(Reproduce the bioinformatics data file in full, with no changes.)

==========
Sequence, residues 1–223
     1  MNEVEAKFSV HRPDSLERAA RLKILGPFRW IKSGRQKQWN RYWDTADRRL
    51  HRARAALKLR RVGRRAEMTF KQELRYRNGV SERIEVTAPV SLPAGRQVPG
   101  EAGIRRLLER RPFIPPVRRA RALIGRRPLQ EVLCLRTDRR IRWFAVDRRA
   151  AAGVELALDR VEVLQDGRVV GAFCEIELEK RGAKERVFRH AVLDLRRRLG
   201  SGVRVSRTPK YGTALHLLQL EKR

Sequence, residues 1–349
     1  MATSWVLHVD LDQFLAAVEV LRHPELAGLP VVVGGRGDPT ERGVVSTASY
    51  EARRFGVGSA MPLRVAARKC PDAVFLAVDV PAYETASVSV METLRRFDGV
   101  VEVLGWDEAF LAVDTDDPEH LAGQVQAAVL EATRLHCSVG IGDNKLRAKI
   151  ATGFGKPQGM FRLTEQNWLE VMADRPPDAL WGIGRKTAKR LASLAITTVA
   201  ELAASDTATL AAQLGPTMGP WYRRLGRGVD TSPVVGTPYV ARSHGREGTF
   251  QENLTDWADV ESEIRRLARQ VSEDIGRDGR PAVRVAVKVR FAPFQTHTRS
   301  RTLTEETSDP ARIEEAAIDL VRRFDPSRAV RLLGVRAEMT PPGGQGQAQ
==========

Sequence, residues 1–223
     1  MNEVEAKFSV HRPDSLERAA RLKILGPFRW IKSGRQKQWN RYWDTADRRL
    51  HRARAALKLR RVGRRAEMTF KQELRYRNGV SERIEVTAPV SLPAGRQVPG
   101  EAGIRRLLER RPFIPPVRRA RALIGRRPLQ EVLCLRTDRR IRWFAVDRRA
   151  AAGVELALDR VEVLQDGRVV GAFCEIELEK RGAKERVFRH AVLDLRRRLG
   201  SGVRVSRTPK YGTALHLLQL EKR

Sequence, residues 1–349
     1  MATSWVLHVD LDQFLAAVEV LRHPELAGLP VVVGGRGDPT ERGVVSTASY
    51  EARRFGVGSA MPLRVAARKC PDAVFLAVDV PAYETASVSV METLRRFDGV
   101  VEVLGWDEAF LAVDTDDPEH LAGQVQAAVL EATRLHCSVG IGDNKLRAKI
   151  ATGFGKPQGM FRLTEQNWLE VMADRPPDAL WGIGRKTAKR LASLAITTVA
   201  ELAASDTATL AAQLGPTMGP WYRRLGRGVD TSPVVGTPYV ARSHGREGTF
   251  QENLTDWADV ESEIRRLARQ VSEDIGRDGR PAVRVAVKVR FAPFQTHTRS
   301  RTLTEETSDP ARIEEAAIDL VRRFDPSRAV RLLGVRAEMT PPGGQGQAQ